Does anyone have experience with a rotary action semi-auto (like the Beretta Px4 Storm)

Discussion in 'Handguns: Autoloaders' started by C0untZer0, Oct 10, 2021.

  1. C0untZer0

    C0untZer0 Member

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    It seems like there is a market for full-sized softer-shooting pistols, like the 380 ACP, and the rotary barrel supposedly dissipates recoil away from the shooter’s hand and greatly reduces muzzle jump. The design also allows a lower bore-axis.

    I don't know why they're not more popular and I think a full-sized 380 ACP utilizing a rotary action, with a low-bore axis would be well recieved,

    I think Savage had a rotary action 380 ACP at one time, but I could be wrong...
     
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  2. Ohen Cepel
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    Ohen Cepel Contributing Member

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    I have a Beretta/Stoeger Cougar and do think that the recoil is much milder compared to others in that class.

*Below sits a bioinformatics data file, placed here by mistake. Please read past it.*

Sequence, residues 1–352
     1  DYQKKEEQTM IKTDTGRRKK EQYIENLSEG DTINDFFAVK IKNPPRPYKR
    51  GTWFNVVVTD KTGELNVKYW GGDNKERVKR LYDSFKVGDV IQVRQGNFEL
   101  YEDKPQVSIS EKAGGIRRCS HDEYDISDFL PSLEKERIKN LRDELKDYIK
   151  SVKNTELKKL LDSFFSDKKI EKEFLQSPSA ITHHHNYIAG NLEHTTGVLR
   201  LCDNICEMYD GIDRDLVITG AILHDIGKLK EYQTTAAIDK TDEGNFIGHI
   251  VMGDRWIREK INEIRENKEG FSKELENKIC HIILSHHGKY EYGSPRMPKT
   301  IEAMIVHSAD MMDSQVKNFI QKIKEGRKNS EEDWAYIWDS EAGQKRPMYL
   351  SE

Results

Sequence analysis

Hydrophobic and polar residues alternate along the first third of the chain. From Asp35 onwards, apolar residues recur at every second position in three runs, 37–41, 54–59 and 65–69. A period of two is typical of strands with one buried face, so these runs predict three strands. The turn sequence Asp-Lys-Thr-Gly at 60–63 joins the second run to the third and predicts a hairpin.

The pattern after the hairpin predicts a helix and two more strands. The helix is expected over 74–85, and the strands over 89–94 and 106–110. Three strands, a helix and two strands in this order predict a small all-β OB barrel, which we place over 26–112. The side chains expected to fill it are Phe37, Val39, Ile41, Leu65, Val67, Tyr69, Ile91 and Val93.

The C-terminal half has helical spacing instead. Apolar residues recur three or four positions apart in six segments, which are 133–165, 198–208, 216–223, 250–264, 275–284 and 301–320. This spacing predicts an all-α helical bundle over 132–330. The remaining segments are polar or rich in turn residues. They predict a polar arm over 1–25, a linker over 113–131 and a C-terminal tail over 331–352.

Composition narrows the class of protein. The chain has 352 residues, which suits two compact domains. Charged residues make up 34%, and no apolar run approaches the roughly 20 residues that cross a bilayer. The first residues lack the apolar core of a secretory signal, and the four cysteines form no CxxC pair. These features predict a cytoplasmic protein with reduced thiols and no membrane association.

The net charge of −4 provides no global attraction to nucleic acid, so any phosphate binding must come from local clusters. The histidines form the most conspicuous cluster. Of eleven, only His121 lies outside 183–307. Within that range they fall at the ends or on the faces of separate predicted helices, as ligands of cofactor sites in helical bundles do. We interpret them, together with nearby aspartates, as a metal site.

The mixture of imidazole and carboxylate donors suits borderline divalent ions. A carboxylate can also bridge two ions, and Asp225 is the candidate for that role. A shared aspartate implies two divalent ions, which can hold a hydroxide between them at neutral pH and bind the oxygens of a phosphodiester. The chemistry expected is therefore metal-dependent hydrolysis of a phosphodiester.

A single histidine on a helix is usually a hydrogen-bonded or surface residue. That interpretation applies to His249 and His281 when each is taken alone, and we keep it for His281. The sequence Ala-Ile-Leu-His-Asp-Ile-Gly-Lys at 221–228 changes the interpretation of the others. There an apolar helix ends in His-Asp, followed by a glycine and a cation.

I think it may be more $$ to make and a bit more bulky which doesn't go well with cheap, small, light which is the trend now. Not sure it makes sense once you get too small as the recoil impulse really isn't there unless you're shooting competition and $$ matters less.

    All that said, I think the Cougar is a great gun and if it hadn't come out during the AWB (thanks bill) with its own magazine it could have done a lot better than it did.
     
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  3. JDGray

    JDGray Member

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    Do we need a softer shooting 380? There is always the 22lr I suppose. Even my super light LCP is not bad to shoot. I might change that opinion if I develop arthritis!